Papers reporting on original investigations and critical analysis of research and developments in the field of drama and theatre are invited for the 42nd Comparative Drama Conference, hosted by Rollins College in Orlando, Florida, to be held April 5-7, 2018 . Papers may be comparative across nationalities, periods and disciplines; and may deal with any issue in dramatic literature, criticism, theory, and performance, or any method of historiography, translation, or production. Papers should be 15 minutes in length, written for oral presentation, and accessible to a multi-disciplinary audience. Scholars and artists in all languages and literatures are invited to email a 250 word abstract in English to Dr. William C. Boles at compdrama@rollins.edu by 3 December 2017. Please include paper title, author’s name, status (faculty, graduate student, other/scholar-at-large), institutional affiliation, and postal address at top left. Abstracts must present a clear argument and have an appropriate scope (usually two or fewer works). (PLEASE be sure to add compdrama@rollins.edu to your accepted email list so that conference emails will not be rejected by your server. Ask your IT administrator how to do so.) If you do not receive e-mail confirmation that we received your abstract/submission within 14 days, we did not receive your submission. Please contact us immediately at wboles@rollins.edu. Those whose abstracts are accepted for presentation are expected to attend the conference. Due to the number of submissions, the adjudicators are unable to offer specific feedback on panels, abstracts, or scripts. Abstracts will be printed in the conference program. Accepted presentations will be scheduled in a room with a projector, screen, and speakers. If you wish to use a laptop, please bring your own as well as a dongle. We do not provide remote control devices.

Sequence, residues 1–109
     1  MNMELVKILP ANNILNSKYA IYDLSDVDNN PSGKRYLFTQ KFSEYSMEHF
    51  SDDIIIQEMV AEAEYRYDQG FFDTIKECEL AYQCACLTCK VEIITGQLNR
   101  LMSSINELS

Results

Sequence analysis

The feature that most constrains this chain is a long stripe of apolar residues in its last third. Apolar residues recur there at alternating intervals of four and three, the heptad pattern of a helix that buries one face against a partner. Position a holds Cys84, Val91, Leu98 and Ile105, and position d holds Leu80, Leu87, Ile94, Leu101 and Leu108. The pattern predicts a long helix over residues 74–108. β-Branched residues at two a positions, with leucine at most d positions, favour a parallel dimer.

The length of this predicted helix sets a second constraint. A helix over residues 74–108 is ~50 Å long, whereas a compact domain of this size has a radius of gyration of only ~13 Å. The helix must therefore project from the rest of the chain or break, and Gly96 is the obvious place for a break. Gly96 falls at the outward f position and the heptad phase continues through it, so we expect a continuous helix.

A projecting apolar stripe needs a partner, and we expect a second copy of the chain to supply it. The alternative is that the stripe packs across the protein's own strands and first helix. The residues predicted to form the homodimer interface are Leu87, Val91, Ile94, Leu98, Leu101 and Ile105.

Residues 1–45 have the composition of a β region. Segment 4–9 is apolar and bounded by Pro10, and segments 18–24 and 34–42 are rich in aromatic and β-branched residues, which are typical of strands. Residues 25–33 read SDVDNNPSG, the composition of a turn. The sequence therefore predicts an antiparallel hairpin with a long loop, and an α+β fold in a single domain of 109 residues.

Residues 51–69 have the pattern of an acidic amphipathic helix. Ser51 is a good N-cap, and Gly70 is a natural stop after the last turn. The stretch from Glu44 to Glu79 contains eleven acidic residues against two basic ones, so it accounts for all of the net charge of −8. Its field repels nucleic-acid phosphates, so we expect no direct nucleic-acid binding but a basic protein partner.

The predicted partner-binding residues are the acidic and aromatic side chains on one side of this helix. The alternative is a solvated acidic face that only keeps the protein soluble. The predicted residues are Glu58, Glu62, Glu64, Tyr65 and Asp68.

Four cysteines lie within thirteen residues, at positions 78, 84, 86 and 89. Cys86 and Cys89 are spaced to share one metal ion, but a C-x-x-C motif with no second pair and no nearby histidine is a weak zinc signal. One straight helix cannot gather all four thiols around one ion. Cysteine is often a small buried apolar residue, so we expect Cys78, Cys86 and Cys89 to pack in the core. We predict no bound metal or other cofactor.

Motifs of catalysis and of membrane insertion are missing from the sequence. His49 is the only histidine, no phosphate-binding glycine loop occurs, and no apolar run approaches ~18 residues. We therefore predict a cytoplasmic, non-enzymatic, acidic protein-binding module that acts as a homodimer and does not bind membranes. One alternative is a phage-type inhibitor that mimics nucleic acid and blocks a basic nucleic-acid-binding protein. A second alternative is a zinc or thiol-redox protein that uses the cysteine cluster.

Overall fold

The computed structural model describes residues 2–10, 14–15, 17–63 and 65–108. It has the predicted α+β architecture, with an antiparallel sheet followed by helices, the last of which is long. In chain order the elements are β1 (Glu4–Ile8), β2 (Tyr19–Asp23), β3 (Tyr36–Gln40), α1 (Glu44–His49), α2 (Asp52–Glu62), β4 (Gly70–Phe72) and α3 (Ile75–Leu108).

Pre-organized Panels

Pre-organized Panels and Roundtables will also be considered. A pre-organized panel should include three papers. Each paper should be 15 minutes in length. Panel proposals should include (1) a copy of each panelist’s 250 word abstract with paper title, author’s name, institutional affiliation, status, postal address and email address at top left, and (2) a succinct, 50-word rationale for the grouping of the papers. The panel organizer should email the abstracts and rationale to compdrama@rollins.edu by 3 December 2017. A pre-organized roundtable should include at least four participants. Roundtable proposals should include (1) a succinct, 50 word explanation of and rationale for the roundtable topic, (2) a timeline of the program, including time for audience interaction and Q & A, and (3) clear evidence of each participant’s expertise in the topic area. Do not send entire vitae. Include only evidence applicable to the roundtable topic. The panel or roundtable organizer should email the abstracts and rationale to compdrama@rollins.edu by 3 December 2017.